The daily business briefing: July 19, 2019

Harold Maass
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Drew Angerer/Getty Images


Microsoft earnings beat expectations on cloud computing growth

Microsoft on Thursday reported earnings that far exceeded Wall Street's expectations due partly to strong ongoing growth from its Azure cloud services and LinkedIn. The software giant reported profit of $13.19 billion, or $1.71 a share, up from $8.87 billion, or $1.14 a share, in the same period last year. Analysts had expected profit of $1.21 a share. Microsoft wrapped up its 2019 fiscal year with $36.8 billion in net profit, a 21.6 percent increase over the previous year. Sales increased by more than 14 percent. Chief Financial Officer Amy Hood said the company expects sales and operating profit to continue growing by double digits in the coming fiscal year, too. Microsoft shares gained more than 1 percent in after-hours trading after closing up by 0.1 percent on Thursday. [MarketWatch]


Toys 'R' Us attempts U.S. comeback

Toys "R" Us' new owner, Tru Kids Brands, announced Thursday that the iconic toy store was starting a comeback in the U.S. with two new stores. The chain collapsed and closed all 700 of its U.S. stores more than a year ago. The new stores will be smaller than old Toys "R" Us outlets, and will offer a "highly engaging retail experience designed for kids, families and to better fit within today's retail environment," Tru Kids said. The new stores, which will open in Houston and Paramus, New Jersey, before the holiday shopping season, will sell fewer toys than the old stores did. Tru Kids, which bought the Toys "R" Us brand last October, says it will open more stores in "prime, high-traffic retail markets" next year. Toys "R" Us still has 900 stores overseas, in Europe, Asia, and India. [CNN]


Stock futures edge up on rising hope of aggressive Fed action

U.S. stock index futures rose early Friday after comments from Federal Reserve policy makers stoked hope for aggressive interest rate cuts and other policy easing to boost the economy. Futures for the Dow Jones Industrial Average and the Nasdaq were up by 0.2 percent, while those of the S&P 500 gained 0.1 percent. U.S. stocks shook off early losses to close higher on Thursday after New York Fed President John Williams said the central bank should "act quickly" when economic growth is slowing and rates are low, although the Fed later clarified that Williams wasn't promising "potential policy actions." Investors also have been watching mixed corporate earnings reports, with Netflix shares plunging after an unprecedented U.S. subscriber dip, as Microsoft shares rose on strong revenue. [CNBC]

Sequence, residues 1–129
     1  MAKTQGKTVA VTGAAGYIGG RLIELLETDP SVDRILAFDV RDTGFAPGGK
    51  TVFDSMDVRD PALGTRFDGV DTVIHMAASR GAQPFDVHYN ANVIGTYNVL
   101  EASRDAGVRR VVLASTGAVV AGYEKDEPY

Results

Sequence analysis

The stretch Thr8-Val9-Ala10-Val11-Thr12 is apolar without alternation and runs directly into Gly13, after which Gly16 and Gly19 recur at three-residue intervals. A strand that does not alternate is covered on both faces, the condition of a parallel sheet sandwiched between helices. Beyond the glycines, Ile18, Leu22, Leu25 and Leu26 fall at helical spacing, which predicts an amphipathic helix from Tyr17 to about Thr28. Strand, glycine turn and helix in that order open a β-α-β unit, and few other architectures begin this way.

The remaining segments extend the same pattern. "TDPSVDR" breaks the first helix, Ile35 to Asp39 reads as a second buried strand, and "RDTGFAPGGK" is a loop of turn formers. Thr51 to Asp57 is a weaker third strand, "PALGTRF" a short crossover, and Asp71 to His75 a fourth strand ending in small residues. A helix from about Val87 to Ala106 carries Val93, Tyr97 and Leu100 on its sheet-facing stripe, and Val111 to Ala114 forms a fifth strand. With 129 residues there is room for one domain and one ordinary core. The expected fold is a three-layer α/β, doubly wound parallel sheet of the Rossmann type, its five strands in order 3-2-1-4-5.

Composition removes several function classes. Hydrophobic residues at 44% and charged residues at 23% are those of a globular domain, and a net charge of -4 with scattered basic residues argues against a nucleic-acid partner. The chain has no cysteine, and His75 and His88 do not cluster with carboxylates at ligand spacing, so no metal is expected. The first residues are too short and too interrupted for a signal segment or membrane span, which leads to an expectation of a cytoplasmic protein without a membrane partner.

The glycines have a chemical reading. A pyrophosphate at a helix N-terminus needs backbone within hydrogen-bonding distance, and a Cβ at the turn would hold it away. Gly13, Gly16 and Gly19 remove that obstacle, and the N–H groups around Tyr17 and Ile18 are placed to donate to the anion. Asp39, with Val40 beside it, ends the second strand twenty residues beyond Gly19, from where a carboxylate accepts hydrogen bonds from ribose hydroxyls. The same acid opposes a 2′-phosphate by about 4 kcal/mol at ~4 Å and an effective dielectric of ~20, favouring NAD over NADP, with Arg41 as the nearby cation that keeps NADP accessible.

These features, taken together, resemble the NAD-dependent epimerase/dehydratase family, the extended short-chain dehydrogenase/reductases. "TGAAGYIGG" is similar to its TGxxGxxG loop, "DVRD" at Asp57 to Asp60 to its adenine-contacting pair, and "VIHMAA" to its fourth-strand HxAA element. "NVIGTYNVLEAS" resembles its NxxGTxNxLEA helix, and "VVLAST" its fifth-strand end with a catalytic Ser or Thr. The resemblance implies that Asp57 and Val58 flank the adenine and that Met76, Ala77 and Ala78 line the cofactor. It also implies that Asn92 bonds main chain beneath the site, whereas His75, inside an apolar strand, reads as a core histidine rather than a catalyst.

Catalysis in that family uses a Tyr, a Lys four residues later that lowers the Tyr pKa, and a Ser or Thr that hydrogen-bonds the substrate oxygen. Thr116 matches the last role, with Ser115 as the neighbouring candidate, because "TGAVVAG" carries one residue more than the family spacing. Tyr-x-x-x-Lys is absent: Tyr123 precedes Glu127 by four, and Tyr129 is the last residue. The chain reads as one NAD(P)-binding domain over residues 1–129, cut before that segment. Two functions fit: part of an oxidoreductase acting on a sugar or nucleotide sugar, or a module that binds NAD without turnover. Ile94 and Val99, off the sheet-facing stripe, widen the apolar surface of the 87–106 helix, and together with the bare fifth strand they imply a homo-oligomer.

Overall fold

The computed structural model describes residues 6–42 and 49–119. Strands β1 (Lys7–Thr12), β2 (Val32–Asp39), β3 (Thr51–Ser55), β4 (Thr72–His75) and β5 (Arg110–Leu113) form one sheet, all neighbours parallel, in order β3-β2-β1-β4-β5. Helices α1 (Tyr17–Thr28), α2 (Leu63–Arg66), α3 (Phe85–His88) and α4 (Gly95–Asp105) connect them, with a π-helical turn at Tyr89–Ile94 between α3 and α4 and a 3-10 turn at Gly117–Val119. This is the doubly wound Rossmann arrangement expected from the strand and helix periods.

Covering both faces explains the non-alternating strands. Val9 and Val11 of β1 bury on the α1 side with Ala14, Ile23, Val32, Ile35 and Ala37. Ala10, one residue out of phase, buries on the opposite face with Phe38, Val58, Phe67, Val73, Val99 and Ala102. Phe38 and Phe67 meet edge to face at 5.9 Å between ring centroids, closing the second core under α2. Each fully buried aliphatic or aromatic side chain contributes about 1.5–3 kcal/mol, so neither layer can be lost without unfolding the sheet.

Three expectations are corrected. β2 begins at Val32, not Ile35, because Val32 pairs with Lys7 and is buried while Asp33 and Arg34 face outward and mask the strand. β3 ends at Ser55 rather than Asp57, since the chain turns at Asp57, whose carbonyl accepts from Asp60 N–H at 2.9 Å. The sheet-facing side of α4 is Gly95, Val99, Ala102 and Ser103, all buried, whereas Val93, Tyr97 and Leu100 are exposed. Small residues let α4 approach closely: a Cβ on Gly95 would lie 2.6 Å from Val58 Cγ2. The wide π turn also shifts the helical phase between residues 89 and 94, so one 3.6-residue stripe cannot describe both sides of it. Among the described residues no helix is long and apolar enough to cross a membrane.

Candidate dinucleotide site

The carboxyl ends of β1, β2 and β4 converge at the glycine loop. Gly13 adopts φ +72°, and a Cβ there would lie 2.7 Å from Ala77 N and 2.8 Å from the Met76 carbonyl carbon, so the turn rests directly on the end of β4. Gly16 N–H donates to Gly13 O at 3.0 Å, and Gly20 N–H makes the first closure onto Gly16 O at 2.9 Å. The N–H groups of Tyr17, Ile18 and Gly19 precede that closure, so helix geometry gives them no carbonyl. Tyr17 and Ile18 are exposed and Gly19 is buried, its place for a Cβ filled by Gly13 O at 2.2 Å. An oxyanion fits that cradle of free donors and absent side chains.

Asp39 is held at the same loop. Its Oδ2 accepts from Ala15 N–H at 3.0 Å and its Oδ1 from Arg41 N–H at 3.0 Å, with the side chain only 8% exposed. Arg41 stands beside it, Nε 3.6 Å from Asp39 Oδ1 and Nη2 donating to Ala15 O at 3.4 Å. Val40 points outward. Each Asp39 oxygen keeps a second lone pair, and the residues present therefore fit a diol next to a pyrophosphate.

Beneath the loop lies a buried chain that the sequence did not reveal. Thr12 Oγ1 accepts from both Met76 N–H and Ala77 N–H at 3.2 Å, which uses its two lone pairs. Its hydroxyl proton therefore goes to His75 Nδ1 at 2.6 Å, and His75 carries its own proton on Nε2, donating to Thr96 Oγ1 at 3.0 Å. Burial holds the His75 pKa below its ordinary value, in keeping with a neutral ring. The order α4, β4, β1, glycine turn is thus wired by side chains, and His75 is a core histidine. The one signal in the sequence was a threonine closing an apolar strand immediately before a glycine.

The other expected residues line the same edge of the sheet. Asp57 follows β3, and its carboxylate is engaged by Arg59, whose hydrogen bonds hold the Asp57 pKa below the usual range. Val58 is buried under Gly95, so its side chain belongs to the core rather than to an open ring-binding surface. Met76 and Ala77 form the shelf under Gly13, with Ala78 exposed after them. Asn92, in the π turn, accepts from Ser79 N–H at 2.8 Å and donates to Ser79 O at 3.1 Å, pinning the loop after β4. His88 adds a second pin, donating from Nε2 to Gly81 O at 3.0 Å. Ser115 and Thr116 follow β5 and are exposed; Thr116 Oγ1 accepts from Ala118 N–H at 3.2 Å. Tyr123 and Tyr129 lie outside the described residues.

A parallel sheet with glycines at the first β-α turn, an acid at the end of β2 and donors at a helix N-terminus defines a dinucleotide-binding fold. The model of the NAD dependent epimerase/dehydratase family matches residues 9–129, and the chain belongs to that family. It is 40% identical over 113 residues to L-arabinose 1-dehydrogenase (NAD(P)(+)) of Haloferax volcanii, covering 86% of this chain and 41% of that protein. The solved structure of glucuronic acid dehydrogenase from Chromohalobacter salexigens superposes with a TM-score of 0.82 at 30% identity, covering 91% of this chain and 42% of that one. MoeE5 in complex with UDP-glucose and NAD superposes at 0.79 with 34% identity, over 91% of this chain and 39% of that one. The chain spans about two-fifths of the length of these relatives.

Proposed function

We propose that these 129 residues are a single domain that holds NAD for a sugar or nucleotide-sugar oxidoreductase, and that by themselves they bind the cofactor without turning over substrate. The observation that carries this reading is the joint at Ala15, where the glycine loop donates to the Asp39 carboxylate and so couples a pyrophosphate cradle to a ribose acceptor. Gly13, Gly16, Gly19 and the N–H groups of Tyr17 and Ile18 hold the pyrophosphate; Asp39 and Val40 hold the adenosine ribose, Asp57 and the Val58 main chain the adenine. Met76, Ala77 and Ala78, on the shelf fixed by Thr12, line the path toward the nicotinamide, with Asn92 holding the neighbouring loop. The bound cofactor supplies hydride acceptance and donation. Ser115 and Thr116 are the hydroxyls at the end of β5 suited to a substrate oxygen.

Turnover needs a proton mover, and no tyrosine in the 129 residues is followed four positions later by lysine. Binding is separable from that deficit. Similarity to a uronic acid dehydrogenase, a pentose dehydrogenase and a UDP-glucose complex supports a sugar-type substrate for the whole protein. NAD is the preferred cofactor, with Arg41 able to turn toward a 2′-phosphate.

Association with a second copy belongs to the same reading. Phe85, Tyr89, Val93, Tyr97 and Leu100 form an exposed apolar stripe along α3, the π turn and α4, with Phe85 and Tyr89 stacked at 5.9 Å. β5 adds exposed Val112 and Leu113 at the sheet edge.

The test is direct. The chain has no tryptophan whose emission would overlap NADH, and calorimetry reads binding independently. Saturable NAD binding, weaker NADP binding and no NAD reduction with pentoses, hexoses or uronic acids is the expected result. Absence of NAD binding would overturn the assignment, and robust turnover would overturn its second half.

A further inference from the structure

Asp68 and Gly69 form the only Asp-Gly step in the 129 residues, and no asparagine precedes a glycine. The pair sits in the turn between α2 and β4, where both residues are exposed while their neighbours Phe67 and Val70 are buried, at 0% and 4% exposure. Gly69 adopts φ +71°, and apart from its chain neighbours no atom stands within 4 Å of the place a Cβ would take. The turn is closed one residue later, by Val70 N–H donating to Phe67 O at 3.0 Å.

House passes $15 minimum wage bill that is doomed in Senate

The House of Representatives on Thursday passed a bill to raise the federal minimum wage to $15 an hour by 2025 in a 231-199 vote. If passed into law, the legislation would raise the federal minimum wage, which is currently $7.25 an hour, for the first time since 2009. House Speaker Nancy Pelosi (D-Calif.) celebrated this "historic day," saying that "no one can live in dignity with a $7.25 an hour wage." Republicans oppose the bill, arguing it would result in the loss of jobs, and it's not expected to advance in the Senate. "This would depress the economy at a time of economic boom," Senate Majority Leader Mitch McConnell (R-Ky.) said on Thursday. "We're not going to be doing that in the Senate." [The Washington Post, Reuters]


DOJ indicts second drug distributor linked to illegal opioid sales

The Justice Department announced Thursday that a federal grand jury has indicted pharmaceutical wholesaler Miami-Luken, two of its top former officials, and two pharmacists for allegedly conspiring to illegally distribute painkillers. The indictment said the suspects distributed oxycodone and hydrocodone prescription painkillers in states hit hard by the opioid epidemic, in quantities "outside the scope of professional practice and not for a legitimate medical purpose." Miami-Luken, an Ohio drug distributor, allegedly failed to report suspicious orders, including 2.6 million hydrocodone tablets and 2.3 million units of oxycodone distributed to a pharmacy in a West Virginia town of 1,400 people. This is the second time drug-distributor executives have been criminally charged with contributing to the opioid epidemic. [CNN]